Tommy, my best friend from kindergarten, had begun following me home with sticks in his hand and saying mean things to me, so I was in the market for a new beau. Richard was a kind and sweet boy. I remember that, and I remember being devastated and confused when Richard died from Leukemia. My mother would not let me go to his funeral. She said I was too young. I didn’t understand; I was six years old now, and my boyfriend had died. How could someone my age die? I needed to know why, and how. I needed to see for myself. Of course, this was 1966 and I was not told why or how, nor did I get to say good-bye.
When I was in second grade, the popular haircut was the pixie cut. Twiggy had a pixie cut. Mia Farrow had a pixie cut. All the cool models and stars had pixie cuts. I really wanted more than anything to be cool (remember that for the synopsis later; I think we may have just discovered a clue), and I really wanted a pixie cut! My mother agreed that I could get a pixie cut, so she gave me some money and told me to go the local barber shop in our village. Yes, I was seven years old, and I was going to walk blocks to go get my haircut by myself!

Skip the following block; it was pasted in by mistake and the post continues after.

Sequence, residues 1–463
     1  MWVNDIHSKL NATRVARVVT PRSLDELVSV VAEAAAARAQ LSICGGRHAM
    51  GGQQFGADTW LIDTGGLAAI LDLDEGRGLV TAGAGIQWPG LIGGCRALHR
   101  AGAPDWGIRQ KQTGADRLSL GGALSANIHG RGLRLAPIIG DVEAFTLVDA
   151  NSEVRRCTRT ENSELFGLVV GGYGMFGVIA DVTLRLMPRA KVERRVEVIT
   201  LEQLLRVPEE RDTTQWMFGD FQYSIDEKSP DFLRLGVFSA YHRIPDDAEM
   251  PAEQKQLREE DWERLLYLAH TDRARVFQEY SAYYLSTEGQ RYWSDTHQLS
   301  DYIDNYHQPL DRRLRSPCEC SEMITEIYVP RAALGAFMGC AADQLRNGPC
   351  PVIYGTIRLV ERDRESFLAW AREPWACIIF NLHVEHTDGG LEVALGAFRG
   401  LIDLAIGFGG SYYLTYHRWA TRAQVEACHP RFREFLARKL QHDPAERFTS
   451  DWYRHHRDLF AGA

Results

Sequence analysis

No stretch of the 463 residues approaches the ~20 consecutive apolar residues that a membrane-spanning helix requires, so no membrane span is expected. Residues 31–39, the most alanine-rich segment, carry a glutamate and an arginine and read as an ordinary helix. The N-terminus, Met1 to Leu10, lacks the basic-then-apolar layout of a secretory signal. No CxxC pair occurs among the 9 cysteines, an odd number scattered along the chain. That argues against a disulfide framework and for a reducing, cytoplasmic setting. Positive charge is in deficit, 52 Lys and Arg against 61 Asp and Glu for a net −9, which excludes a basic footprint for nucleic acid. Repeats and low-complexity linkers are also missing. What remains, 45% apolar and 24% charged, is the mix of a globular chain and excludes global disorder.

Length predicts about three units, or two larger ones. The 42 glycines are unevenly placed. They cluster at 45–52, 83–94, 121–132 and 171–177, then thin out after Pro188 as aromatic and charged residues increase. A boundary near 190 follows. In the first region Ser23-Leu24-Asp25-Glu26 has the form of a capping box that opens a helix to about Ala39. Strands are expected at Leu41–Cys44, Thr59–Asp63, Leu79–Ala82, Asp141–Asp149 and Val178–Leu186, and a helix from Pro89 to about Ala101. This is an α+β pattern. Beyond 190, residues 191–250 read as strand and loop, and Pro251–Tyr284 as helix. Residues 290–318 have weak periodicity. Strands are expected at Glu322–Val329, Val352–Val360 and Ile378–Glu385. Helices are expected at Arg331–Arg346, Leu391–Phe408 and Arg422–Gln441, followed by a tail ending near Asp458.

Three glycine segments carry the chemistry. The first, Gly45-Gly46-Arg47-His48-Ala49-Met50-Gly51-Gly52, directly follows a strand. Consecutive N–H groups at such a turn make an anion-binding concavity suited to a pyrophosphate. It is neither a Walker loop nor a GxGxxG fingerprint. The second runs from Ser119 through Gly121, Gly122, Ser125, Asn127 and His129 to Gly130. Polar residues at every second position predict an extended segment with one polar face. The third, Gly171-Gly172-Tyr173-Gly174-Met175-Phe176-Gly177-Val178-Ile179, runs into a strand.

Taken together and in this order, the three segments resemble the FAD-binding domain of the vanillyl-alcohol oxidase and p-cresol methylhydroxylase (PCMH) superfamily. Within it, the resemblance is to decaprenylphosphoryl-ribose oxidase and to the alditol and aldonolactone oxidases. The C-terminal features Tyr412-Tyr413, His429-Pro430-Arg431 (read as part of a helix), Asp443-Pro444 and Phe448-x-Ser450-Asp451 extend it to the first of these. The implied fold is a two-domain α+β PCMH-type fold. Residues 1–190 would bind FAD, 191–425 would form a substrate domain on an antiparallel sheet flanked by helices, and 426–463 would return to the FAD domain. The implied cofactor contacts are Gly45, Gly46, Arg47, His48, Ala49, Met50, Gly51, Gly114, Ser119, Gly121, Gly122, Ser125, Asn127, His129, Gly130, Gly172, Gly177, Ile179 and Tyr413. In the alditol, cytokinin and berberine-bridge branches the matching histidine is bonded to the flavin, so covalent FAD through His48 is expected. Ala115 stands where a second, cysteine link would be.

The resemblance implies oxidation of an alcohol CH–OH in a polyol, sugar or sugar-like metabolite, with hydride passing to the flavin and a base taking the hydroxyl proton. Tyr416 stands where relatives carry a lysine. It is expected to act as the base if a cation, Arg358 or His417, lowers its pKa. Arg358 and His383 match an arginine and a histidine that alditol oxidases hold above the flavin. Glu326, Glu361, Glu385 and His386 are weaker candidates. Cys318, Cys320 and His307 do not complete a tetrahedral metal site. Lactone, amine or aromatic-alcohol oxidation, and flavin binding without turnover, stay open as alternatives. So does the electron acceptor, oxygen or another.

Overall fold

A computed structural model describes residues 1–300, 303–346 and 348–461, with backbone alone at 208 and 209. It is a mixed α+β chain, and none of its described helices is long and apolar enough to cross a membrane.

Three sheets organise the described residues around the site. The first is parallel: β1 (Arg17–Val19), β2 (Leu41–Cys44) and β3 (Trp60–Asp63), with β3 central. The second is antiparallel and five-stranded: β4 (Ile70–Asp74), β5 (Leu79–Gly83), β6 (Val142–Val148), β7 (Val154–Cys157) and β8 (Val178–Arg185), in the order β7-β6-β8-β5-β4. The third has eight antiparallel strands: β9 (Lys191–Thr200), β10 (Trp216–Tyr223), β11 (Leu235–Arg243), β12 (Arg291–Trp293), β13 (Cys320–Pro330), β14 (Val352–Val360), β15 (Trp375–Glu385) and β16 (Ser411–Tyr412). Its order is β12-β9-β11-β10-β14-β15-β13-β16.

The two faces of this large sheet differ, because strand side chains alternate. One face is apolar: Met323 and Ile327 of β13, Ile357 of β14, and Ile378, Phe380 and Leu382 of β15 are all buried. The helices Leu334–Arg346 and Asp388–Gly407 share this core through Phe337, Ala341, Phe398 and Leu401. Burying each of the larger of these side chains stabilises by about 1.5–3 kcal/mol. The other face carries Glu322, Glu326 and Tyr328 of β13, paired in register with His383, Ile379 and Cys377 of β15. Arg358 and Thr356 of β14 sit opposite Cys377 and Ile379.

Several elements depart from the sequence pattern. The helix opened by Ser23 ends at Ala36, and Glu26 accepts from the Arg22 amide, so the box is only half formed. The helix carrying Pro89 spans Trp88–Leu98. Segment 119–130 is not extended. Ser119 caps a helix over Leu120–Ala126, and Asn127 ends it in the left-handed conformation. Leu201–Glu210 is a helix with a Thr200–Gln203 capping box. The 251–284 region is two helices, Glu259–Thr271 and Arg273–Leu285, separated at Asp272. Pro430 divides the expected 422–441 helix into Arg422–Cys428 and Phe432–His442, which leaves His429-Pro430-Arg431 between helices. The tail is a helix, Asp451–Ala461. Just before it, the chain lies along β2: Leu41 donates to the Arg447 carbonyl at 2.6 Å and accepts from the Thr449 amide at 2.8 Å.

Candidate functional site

I felt so proud and very cool as I made my way to the barber shop. I wasn’t quite cool enough to know that a barber shop was for boys and men, and there were things called beauty parlors where women went to get their hair cut, though. I had never been to a beauty parlor; had never had a haircut from anywhere but home before. I walked in, sat in the seat, explained to the barber what a pixie cut was, and the barber proceeded to hack almost all of my hair off, and there was no style about it. The haircut I left the barbershop with was a short hair cut for a seven-year old boy. I didn’t know that, though. I thought that I didn’t look exactly like Twiggy, but I still had a pixie cut. I was still on the edge of cool. I thought that walking all the way home, and down my driveway to my parent’s barbecue already in progress. I thought that until all heads looked at me and I swear there was a collective gasp. Then, I wasn’t quite so sure. I felt confused. I may have started to cry.